Governor Raghuram Rajan-led Reserve Bank of India is likely to maintain status quo on interest rates during its annual monetary policy review today...
Governor Raghuram Rajan-led Reserve Bank of India is likely to maintain status quo on interest rates during its annual monetary policy review today due to increased food prices after unseasonable rains in various parts of the country, bankers and experts said.
Inflation has bounced off November’s low of 3.3 per cent to 5.4 per cent in February 2015, but is still below January 2016 target. The recent bout of unseasonal weather developments and damage to selected winter crops might stoke worries over food inflation. Global fuel prices have also bottomed out in recent weeks, limiting further downside in inflation prints. A cautious policy statement might hurt optimism.
“Looking ahead, we see room for another 25 bps cut by June and pause thereafter, set against the likelihood of US rate hikes in 2H15, a narrowing output gap and our in-house expectations for gradual rupee depreciation in the quarters ahead,” said an official of DBS Bank.
Union Bank’s CMD Arun Tiwari said it is “highly unlikely” that the Reserve Bank of India would further ease its monetary policy on April 7, given the current price situation, as they have already done so twice in quick succession.
Hitesh Agrawal, head of research, Reliance Securities, said, “we expect the RBI to maintain status quo in the April 7 monetary policy as they might want to wait for more confirming data on inflation before taking any further action. Inflationary pressures in March 2015 are likely to firm up further given the disruption in crops due to non seasonal rainfall and relative rise in crude oil prices.”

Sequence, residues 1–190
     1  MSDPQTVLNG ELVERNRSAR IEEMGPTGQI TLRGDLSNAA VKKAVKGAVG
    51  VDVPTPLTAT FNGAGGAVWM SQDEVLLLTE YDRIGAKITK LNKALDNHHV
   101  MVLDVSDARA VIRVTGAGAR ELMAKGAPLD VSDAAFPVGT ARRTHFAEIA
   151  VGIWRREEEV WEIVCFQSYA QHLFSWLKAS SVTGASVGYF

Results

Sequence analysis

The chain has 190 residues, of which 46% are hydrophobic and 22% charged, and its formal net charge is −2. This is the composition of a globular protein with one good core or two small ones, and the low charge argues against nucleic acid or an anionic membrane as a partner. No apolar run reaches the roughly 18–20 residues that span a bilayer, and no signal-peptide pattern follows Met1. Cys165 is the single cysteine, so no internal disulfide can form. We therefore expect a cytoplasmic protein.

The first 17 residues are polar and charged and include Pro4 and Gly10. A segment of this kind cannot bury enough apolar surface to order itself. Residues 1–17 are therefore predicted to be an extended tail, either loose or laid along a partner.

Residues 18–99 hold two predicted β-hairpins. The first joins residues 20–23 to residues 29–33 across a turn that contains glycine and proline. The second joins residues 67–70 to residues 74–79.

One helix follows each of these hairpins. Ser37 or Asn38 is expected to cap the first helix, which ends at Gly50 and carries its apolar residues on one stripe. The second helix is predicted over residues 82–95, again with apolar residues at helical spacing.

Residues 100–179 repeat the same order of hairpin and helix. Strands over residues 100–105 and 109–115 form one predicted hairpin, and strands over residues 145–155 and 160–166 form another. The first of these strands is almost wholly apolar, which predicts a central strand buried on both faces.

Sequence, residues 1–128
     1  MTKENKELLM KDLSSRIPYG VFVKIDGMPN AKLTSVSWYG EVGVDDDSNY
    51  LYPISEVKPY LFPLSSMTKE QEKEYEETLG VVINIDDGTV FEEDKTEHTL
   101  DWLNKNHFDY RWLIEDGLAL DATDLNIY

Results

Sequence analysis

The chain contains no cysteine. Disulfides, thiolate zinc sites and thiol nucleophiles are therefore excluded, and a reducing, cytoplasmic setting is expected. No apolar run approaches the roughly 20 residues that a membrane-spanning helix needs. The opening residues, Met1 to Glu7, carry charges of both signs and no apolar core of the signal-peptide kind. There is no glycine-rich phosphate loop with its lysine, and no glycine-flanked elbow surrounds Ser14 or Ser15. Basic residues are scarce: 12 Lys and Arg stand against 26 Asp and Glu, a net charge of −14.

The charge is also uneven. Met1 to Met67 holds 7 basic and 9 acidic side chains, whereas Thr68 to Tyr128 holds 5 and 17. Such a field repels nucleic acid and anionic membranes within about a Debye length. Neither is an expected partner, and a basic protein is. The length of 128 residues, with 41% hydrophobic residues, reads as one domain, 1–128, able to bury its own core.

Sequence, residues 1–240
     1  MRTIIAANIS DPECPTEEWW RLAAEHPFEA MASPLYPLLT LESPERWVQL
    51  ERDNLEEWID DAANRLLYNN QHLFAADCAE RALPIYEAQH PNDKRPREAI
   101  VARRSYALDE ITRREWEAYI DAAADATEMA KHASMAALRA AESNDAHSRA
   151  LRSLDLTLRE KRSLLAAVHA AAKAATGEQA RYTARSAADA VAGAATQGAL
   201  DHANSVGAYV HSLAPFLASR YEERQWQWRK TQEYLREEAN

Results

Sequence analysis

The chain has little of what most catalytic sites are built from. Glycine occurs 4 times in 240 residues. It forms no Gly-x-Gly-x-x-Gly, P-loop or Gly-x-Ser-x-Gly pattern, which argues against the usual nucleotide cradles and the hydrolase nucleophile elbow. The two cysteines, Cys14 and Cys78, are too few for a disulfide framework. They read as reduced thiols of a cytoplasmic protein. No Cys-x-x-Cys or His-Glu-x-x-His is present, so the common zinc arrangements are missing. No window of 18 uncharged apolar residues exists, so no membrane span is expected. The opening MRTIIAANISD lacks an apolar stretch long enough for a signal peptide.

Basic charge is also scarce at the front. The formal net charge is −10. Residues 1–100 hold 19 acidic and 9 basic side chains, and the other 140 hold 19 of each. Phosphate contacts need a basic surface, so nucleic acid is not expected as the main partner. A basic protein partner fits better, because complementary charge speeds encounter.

The RBI had lowered its policy rate by 25 basis points to 7.5 per cent on March 4, after a similar cut on January 15, on the back of softening inflation and the government’s commitment to continue with the fiscal consolidation. Both the rate cuts were announced outside RBI’s regular policy review.
Indian Banks’ Association Chairman T M Bhasin, who is also CMD of Indian Bank, said: “We are expecting a cut in CRR so that banks can reduce lending rate.” A cut in repo rate at this point would not help banks lower their interest rates, as they are not borrowing much. The credit off take is low and is expected to remain so in the first quarter of 2015-15, he said.
# Inflation has bounced off November’s low of 3.3 per cent to 5.4 per cent in February 2015, but still below January 2016 target
# The recent bout of unseasonal weather developments and damage to selected winter crops might stoke worries over food inflation